Presentation on theme: "The Global Economy: The New “New-Normal” by SEBASTIAN EDWARDS Henry Ford II Distinguished Professor of International Economics, UCLA Círculo de Economía,"— Presentation transcript:
The Global Economy: The New “New-Normal” by SEBASTIAN EDWARDS Henry Ford II Distinguished Professor of International Economics, UCLA Círculo de Economía, Sitges, May 2014
The end of four cycles n China’s super growth cycle n The U.S. super borrowing cycle n The monetary expansion cycle n The Euro Zone crisis cycle
Also will affect China’s foreign investment strategy n More selective, more parsimonious. n Demand for Treasuries will decline; this will contribute to steeper yield curve in US n Will concentrate on two areas: –Selected companies in key industries in advanced countries, such as the pork meat provider (Smithfileld) in Virginia. –Natural resources (mostly metals) in Africa and some LATAM countries.
Implications n Stronger USD. n A higher and flatter yield curve. n Faster growth in United States. n An open question is what will happen to property prices. New bubble? –Market specific; location will matter
3. The end of the Super Expansive Monetary Cycle: Will it Happen? Should it Happen?
The problem is this: n Bringing the cycle to an end makes (some) sense in U.S. Is it happening? n But it is clearly premature in Euro Zone (in spite of whatever the German’s may say) n And it is very premature in Japan (in spite of whatever Abe opponents may say) n And yet, we are likely to see (some) synchronicity across these three key players. n In Japan the money slowdown plus the new consumption tax could be very negative.
4. The end of the Crisis Cycle in the Euro Zone
Euro Zone Interest Rates: Germany, Ireland and Spain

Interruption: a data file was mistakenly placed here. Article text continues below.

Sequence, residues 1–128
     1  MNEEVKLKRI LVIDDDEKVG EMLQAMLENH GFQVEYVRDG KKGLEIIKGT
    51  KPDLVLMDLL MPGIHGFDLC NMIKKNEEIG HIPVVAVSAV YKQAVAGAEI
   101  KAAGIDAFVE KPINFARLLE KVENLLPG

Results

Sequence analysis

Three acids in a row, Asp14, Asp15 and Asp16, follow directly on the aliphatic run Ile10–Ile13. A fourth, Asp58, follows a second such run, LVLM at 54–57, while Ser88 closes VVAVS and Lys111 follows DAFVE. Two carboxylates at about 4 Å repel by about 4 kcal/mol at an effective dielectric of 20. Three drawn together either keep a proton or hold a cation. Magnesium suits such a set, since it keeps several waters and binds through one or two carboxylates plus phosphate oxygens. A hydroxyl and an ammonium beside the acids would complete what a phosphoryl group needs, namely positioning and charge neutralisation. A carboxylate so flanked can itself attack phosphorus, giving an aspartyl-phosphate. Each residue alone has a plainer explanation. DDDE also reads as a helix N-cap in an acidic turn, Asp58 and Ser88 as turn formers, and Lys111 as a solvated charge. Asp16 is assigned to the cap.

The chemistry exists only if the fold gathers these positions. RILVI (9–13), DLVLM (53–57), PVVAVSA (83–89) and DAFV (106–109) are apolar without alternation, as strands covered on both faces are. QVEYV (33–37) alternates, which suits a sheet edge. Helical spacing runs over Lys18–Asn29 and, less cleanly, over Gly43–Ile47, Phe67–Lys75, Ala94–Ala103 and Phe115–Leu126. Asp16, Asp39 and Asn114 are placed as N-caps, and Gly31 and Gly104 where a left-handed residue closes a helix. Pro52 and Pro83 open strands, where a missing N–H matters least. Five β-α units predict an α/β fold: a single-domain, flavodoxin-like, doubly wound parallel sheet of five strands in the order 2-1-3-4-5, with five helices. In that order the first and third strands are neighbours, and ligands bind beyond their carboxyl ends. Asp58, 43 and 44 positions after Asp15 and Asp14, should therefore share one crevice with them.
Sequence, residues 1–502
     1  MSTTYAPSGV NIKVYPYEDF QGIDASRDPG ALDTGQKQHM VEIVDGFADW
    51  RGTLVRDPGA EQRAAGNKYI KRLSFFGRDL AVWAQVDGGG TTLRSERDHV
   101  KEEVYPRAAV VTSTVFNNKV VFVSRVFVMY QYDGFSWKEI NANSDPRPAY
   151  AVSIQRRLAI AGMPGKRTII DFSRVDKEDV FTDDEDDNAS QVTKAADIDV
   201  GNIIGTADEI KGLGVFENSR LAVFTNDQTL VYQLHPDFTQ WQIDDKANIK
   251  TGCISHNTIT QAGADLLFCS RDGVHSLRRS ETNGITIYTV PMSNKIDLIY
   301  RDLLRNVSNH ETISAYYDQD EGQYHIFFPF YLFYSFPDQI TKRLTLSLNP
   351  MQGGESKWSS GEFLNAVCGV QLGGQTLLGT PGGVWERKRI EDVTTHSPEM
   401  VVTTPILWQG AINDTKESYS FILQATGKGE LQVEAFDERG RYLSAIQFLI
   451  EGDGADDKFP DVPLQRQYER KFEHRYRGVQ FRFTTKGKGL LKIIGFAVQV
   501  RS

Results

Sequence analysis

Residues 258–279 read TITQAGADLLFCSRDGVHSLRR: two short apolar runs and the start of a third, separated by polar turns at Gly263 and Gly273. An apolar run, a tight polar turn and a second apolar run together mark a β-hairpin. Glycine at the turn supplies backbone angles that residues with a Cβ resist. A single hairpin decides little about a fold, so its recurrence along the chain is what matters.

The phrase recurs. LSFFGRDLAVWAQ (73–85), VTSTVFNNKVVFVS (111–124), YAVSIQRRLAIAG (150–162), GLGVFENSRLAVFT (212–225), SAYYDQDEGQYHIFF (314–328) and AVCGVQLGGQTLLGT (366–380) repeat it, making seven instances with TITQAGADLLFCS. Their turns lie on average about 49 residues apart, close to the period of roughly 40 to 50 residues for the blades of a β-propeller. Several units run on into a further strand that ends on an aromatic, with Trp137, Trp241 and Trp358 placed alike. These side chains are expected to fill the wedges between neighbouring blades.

The fear of massive default and restructuring has disappeared
The problem is this: n The reforms have stalled and are unlikely to move forward at the required pace; moreover, they will not be as deep as they are needed n This is true both for the Euro Zone – and the EU, for that matter -- as a whole, and for individual countries. n Unfinished business: unified fiscal policy, unified banking supervision, labor mobility and flexibility, European Constitution, among others.
The reforms and competitiveness n Doing Business Ratings –Spain 2007 = 39 –Spain 2014 = 52 –Germany 2007 = 21 –Germany 2014= 21
Euro Zone inherent instability n The Euro Zone will continue to be structurally unstable n Germany will have the advantage of a undervalued currency (“currency manipulator”?) n The periphery will face the disadvantage of a permanently “overvalued currency”
This picture will have a negative effect on: n Countries with high current account deficits n Nations with high public sector debts n Countries with high foreign currency indebtness n Countries with large GEFR n Countries with overextended construction sectors
They will have higher rates, larger primary deficits, and more depreciated currencies:
Currency questions in advanced nations Yen Euro
The good and the bad… n Negative watch list: –Brazil, –Japan, –EU Mediterranean periphery, –Indonesia –Colombia –Turkey –Egypt –Malaysia –South Africa n Positive watch list: –USA –Germany –Switzerland –Mexico –China –Indonesia –Ireland –Australia –New Zealand